In which I take Mr. John Scalzi’s advice to writers to post one-star reviews of their books:
“These days the most popular books are books that slam other books or writers that slam other writers or idealists on one side slamming idealists on the other side. Get a clue!”
“I only managed to read the first 3 chapters of this book. Vox Day employs so many logical fallacies and so much dishonest rhetoric that it’s a difficult read.”
“The book starts with many generic arguments that evolve down to the old question of “without god, how can there be morals?”. Anyone who has spent 5 minutes reading the ‘Argument from morality’ page on wikipedia will find these sections silly or at least inefficient. The attacks use short quotes from Dawkins/Harris books, and as a reader I feel like I am not getting the context of the quotes. In the case of the Harris state vs county crime/religion statistic, I wish Vox would quote the reason Harris was using it… for all I know Harris was making a point that the corelation is meaningless.”
“Since I’m not willing to pick this book apart in review, I recommend that anyone interested read the book and exercise their own critical thinking skills. If you’re not well read in other areas of science and religion, don’t bother.”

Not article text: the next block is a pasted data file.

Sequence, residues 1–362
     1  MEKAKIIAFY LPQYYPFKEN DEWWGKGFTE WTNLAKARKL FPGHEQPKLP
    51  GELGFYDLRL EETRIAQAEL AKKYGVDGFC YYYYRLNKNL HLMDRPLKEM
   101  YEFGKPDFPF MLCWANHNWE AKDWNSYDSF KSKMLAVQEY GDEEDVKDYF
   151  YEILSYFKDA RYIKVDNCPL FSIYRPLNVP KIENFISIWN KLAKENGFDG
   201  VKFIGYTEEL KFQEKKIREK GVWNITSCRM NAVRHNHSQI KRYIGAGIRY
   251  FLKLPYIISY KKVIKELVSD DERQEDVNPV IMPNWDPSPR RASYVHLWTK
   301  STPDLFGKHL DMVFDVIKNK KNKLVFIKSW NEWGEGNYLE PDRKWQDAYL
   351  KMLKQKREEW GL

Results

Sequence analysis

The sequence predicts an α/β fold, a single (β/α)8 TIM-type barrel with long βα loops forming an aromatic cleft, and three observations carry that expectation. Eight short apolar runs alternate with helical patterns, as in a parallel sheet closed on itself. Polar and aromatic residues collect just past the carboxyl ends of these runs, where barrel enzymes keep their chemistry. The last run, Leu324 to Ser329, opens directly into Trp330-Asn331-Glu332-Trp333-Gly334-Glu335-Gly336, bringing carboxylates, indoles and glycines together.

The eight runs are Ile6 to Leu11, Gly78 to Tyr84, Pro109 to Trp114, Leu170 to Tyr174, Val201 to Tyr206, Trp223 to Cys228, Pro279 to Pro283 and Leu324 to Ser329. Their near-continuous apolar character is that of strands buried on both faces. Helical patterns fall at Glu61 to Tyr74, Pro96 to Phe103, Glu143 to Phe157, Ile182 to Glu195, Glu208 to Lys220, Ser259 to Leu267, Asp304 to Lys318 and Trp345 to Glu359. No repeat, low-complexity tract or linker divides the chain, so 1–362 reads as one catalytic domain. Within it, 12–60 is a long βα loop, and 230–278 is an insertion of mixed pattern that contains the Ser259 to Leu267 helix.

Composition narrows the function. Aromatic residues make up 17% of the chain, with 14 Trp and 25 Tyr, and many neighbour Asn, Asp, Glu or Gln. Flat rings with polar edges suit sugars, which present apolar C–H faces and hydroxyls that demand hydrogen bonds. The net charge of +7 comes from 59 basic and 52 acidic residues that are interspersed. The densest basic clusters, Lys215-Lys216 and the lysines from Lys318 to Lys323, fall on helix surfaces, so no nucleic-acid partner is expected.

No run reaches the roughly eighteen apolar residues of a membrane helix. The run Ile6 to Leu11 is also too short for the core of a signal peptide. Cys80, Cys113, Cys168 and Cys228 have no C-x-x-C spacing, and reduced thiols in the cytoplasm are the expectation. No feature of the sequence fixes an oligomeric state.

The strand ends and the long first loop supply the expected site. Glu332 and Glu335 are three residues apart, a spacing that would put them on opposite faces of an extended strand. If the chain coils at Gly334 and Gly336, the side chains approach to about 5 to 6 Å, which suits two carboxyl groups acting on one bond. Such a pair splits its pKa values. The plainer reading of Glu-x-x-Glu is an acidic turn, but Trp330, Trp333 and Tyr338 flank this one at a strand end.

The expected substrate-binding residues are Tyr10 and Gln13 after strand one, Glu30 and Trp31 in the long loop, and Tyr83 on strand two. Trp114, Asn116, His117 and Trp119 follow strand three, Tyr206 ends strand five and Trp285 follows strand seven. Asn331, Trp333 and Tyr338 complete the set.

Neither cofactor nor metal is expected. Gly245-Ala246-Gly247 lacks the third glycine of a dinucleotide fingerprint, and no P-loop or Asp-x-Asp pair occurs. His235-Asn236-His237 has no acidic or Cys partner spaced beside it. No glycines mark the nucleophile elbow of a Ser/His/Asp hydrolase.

“If the author wrote the book for the three most often named Athiests, I could probably give him 4 or five stars, the 1 star is for the book as written, assuming that it was intended for mass market readership. I really have no quarrel with Day’s disgust with Athiests if that is how he feels, not do I have any problem with Harris et. al. espousing their lack of beilef in a supreme being. My problem is with the author and what appears to be an extreme ego.”
“I opened this book expecting, or at least hoping, to find a reasoned rebuttal to the arguments of better-known authors, but what I found was a meaningless parade of misrepresentations and outright lies. From someone who has actually named himself the Voice of God, this was a remarkably mundane read.”
“[Vox Day’s] arrogance, rudeness, and unending logical fallacies have brought nothing to the intellectual discussion between theists and atheists.”
I think Scalzi was right. If it is really true that we are defined by our enemies, I suddenly find that I feel kind of… feel kind of invincible. Is it getting hot in here, or is it just me?
And speaking of reading three chapters, Kelly of the Rational Response Squad has responded to my response to her critique of chapter two. I’m quite content to leave it with her and wait for her critique of chapter three, although I should probably note that “the vast majority of historians” she mentioned do not disagree with me, but with her. Kelly’s airy dismissal of the Encylopedia Britannica also happens to reject what has been the historical consensus for the last 70 years.